Malarky spins and glitters like a coin flipped in the air – now searingly tragic, now blackly funny. Brilliant, brilliant, brilliant. – Annabel Lyon [from the front cover]
Malarky took me by surprise. It made me laugh, it shocked me, and it made me squirm with discomfort. By turns, it was shockingly raw, achingly funny, and absurdly bizarre. How can a book that deals with grief and loss, and the journey to re-define yourself under new circumstances be all of these things? Because, life is sometimes like that.
The protagonist, known as ‘Phil’ or ‘Our Woman’, is going through a rough patch (to put it mildly), and we find her in many awkward and absurd situations. Despite concern for her own behavior, she is unapologetically candid about her thoughts and acts on them with determination.
Our Woman has had several shocks to her system in recent years; she comes upon her son “doing unmentionable things out by the barn”, her husband’s mistress seeks her out to let her know what her husband has been up to, her husband and son cannot get along and she finds herself caught in the middle, and now her son has joined the army. So, what is she going to do about all this? Why, find herself a man to do her own unmentionable things with, of course.
Who is this woman? And where has she come up with such bold ideas on an average Sunday where Mass and refilling the milk jug and sugar bowl, lest there be an avalanche of visitors were previously the order of her day.
This book is not an easy read; you have to concentrate both on the language, and the time jumps. But, if you are feeling adventurous or you want a change of pace, something a bit quirky, then I would highly recommend Malarky. From the first page, I was delighted by the writing, and the antics of Our Woman.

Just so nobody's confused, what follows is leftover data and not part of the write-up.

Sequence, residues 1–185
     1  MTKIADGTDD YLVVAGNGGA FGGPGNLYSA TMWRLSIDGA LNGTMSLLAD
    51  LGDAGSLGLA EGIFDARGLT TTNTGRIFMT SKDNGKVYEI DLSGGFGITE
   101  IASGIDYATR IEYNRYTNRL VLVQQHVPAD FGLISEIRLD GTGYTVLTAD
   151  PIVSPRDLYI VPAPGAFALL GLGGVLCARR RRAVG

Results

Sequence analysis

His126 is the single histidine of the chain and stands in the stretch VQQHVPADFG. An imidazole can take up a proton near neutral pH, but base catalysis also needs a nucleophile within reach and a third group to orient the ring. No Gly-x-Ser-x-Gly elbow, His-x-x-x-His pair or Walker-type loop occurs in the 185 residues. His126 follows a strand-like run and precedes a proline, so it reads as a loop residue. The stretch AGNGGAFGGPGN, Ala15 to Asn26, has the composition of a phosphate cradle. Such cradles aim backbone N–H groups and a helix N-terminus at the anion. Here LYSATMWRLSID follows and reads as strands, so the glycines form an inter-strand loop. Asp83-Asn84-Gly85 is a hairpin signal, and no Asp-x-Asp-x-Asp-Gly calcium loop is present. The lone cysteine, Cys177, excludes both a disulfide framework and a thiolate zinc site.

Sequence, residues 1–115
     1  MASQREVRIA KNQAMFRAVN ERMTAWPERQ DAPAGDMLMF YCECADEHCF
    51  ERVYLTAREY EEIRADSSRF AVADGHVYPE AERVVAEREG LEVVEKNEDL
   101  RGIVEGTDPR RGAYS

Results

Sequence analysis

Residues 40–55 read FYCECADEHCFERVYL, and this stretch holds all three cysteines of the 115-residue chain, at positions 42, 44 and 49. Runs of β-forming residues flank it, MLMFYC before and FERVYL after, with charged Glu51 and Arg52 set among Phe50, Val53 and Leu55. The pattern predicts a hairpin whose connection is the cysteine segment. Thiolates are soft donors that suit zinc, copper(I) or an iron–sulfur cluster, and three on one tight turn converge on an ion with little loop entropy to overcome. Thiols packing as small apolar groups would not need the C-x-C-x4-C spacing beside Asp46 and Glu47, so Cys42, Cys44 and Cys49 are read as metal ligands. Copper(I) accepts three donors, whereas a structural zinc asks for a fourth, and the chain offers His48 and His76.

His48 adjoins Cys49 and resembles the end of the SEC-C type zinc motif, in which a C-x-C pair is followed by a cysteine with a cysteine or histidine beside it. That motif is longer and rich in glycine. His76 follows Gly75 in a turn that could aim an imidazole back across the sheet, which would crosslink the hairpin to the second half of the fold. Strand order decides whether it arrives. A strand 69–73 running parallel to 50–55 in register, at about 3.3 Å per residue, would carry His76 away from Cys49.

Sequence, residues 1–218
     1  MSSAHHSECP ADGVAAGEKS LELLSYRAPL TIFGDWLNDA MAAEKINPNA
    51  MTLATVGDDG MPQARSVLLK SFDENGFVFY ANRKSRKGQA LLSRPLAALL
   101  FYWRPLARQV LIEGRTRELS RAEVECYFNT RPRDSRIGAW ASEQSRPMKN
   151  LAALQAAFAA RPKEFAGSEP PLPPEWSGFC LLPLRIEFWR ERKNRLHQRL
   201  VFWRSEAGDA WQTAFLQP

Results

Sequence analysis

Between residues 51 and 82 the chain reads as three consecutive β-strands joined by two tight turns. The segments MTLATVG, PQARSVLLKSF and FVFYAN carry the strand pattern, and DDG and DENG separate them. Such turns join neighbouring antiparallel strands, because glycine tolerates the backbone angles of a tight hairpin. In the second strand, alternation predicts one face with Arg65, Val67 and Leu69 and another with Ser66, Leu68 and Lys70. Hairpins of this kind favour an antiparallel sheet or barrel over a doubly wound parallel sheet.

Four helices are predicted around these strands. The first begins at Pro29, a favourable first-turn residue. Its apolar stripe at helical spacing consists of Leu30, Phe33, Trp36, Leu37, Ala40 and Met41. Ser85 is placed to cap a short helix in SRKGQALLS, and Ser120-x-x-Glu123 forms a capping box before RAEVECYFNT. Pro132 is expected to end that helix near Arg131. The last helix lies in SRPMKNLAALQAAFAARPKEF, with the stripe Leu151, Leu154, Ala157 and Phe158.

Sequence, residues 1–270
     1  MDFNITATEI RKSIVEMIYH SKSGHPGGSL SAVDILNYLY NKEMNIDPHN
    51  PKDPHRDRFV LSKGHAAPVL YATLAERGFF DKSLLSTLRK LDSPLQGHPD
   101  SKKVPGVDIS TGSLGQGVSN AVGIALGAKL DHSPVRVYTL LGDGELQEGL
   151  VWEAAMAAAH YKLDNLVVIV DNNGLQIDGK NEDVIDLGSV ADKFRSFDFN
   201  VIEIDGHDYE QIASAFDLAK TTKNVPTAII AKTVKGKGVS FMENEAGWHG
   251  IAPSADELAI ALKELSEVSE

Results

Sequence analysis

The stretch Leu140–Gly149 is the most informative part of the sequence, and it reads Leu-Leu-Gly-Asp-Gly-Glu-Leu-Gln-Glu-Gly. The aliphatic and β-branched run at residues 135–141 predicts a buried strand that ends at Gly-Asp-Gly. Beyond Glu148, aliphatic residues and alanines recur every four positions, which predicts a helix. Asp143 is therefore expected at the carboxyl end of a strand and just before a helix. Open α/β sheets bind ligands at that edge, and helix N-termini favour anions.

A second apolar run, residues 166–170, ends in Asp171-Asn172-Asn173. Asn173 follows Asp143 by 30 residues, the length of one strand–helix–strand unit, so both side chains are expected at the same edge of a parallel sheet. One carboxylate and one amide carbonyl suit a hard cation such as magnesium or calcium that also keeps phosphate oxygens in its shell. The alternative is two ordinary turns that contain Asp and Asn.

A few quotes to give you a feel for the writing, and the thoughts of Our Woman:
In response to this burst of punitive activity, she told the gang she was busy the next two days. An unusual move to startle them, for not a day passed that several of them didn’t meet. They were like tight ligaments in each other’s life, contracting, extending and sustaining the muscle of each other, house to house, tongue to ear.
Joanie said I was to lock the door. I had to remember. Bina said if I didn’t lock the door she’d personally come down here and attack me herself if only to teach me to lock the feckin’ thing. Still I didn’t lock it. There was no particular reason, other than the matter of them both telling me, I had to let them know just because I was a widow I wouldn’t have anyone telling me what to do.
Her very worst picture, that, of people who live together rolling along, rolling through the century and no matter how they try or don’t try, wake up decades later to the realization they’d been quietly making each other miserable. And she was surprised at how unsurprised she was.
… she did not understand the version of life that presented itself yesterday at the B&B. She didn’t recognize the hat, nor face, nor fingers on it. She hadn’t been trained for this. She’d been trained for marriage and funeral and baptism and weeding and shifting and turning, but not wondering. This wondering was new for her. The wondering of why she didn’t understand how to wonder. She did wonder but she was not officially certain how to do the wondering.
Most of all, she hadn’t paid attention.
It’s worth a few minutes of your time to go have a listen to Anakana Schofield reading from her book at Goodreads. Also, go check out Laura’s excellent review of this book at Reading in Bed, as well as Matilda Magtree’s equally excellent non-review. I got so much (and different things) out of both of them. Laura is the one who urged me to read Malarky in the first place. And, it is worth the read just to get to that brilliant last line!